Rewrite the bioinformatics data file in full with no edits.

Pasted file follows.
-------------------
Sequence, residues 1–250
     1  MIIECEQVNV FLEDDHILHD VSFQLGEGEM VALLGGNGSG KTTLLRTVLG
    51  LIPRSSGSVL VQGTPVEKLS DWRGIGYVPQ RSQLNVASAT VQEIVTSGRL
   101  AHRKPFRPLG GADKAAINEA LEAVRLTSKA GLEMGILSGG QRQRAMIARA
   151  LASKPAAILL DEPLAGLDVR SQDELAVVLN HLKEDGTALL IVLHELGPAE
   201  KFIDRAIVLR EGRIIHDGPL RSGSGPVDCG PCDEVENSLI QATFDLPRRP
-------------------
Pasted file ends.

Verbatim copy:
Sequence, residues 1–250
     1  MIIECEQVNV FLEDDHILHD VSFQLGEGEM VALLGGNGSG KTTLLRTVLG
    51  LIPRSSGSVL VQGTPVEKLS DWRGIGYVPQ RSQLNVASAT VQEIVTSGRL
   101  AHRKPFRPLG GADKAAINEA LEAVRLTSKA GLEMGILSGG QRQRAMIARA
   151  LASKPAAILL DEPLAGLDVR SQDELAVVLN HLKEDGTALL IVLHELGPAE
   201  KFIDRAIVLR EGRIIHDGPL RSGSGPVDCG PCDEVENSLI QATFDLPRRP